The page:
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Global economy-watch-may-2015

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Global Economy Watch correspondiente al mes de mayo, donde se analiza la mejora de la economía estadounidense y el consiguiente fin de la política monetaria expansiva.

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Global economy-watch-may-2015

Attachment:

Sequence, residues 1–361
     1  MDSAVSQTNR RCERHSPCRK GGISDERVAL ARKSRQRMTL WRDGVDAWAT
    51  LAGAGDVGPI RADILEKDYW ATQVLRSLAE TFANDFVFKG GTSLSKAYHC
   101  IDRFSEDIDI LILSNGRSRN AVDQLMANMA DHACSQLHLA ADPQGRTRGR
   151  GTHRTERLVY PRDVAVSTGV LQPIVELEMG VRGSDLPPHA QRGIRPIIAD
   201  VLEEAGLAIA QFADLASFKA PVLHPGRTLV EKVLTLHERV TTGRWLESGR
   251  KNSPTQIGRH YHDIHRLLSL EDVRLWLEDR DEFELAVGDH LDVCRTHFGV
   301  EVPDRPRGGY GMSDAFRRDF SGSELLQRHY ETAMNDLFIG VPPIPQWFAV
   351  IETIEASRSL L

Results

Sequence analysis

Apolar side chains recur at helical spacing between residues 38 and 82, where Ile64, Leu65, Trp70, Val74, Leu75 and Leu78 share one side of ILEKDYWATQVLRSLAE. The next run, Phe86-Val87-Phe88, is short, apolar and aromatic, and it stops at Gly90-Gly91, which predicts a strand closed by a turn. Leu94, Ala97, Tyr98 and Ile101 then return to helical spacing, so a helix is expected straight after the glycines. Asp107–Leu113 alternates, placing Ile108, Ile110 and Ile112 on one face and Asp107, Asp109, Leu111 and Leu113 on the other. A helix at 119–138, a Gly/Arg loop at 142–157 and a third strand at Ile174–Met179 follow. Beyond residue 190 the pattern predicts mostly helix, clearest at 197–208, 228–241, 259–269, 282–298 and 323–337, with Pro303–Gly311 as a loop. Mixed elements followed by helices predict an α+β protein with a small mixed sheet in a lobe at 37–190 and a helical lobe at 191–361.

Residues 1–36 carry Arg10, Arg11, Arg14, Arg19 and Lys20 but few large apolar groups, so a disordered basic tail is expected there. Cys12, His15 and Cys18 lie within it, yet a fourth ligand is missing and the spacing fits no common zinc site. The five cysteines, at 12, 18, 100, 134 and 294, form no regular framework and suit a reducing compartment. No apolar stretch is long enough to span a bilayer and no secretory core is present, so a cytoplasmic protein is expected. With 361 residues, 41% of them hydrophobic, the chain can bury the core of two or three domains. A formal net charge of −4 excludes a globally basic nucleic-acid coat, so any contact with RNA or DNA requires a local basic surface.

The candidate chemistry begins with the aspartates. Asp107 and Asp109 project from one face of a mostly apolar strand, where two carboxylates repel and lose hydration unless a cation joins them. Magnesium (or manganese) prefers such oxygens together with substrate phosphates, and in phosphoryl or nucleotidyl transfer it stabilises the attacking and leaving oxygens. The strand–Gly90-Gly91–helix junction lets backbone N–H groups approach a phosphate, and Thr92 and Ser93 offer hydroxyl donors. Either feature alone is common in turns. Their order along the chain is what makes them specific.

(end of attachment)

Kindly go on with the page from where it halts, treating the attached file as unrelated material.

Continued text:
1. 1. Will dollar denominated debt become an emerging economy epidemic? Dear readers, In the past year, the US dollar has appreciated by around 20% on a trade-weighted basis. There are two main reasons for this: 1. the US economy has sustained relatively strong economic growth, particularly in the middle of 2014; and 2. the US Federal Reserve is further along the path to tightening monetary policy than the central banks of the other major global currencies (see Figure 1). A strong dollar, like oil prices, is a rare thing in economics: its impact can be felt throughout the global economy. In the US, a stronger dollar can put downward pressure on net export growth as US products become relatively more expensive in international markets and imports become cheaper for US consumers. But it is the impact of an appreciating dollar outside the US which I think is of greater concern. In recent years, many emerging markets have borrowed in US dollars to take advantage of exceptionally low dollar interest rates that have resulted from the Fed’s massive quantitative easing programmes. Now that the Fed is preparing to tighten monetary policy, and the dollar has strengthened, this dollar denominated debt has become a source of potential vulnerability for many emerging economies. In this edition of the GEW we’ve analysed country vulnerability and found that: • the so called ‘Fragile 5’ is now the ‘Tender 2’ as Turkey and South Africa remain particularly vulnerable to a strong dollar; • India is heading in the right direction as its current account deficit has fallen but Brazil and Indonesia are worth keeping an eye on; and • most of the governments in our sample have a relatively modest ratio of external public debt to GDP, thus giving them some insulation from the rising dollar. However, perhaps the main takeaway for our clients is that US dollar credit is becoming more expensive and is likely to have consequential and sometimes amplified impacts on financing in many emerging economies. Finally, Iran’s potential re-entry into the global economic system has been referred to as a ‘game changer’ for the region; we’ve taken a closer look. Visit our blog for periodic updates at: pwc.blogs.com/economics_in_business Fig 1: The Federal Reserve is closer to raising interest rates than other major central banks Sources: PwC analysis, Federal Reserve Global Economy Watch May 2015 Kind regards, Richard Boxshall PwC | Senior Economist The likely path towards operating normal monetary policy: Where do the major central banks stand? Maturing QE assets not replaced Central bank rate normalised Interest rate guidance adjusted QE purchases tapered to zero Active purchases Fed BoE ECB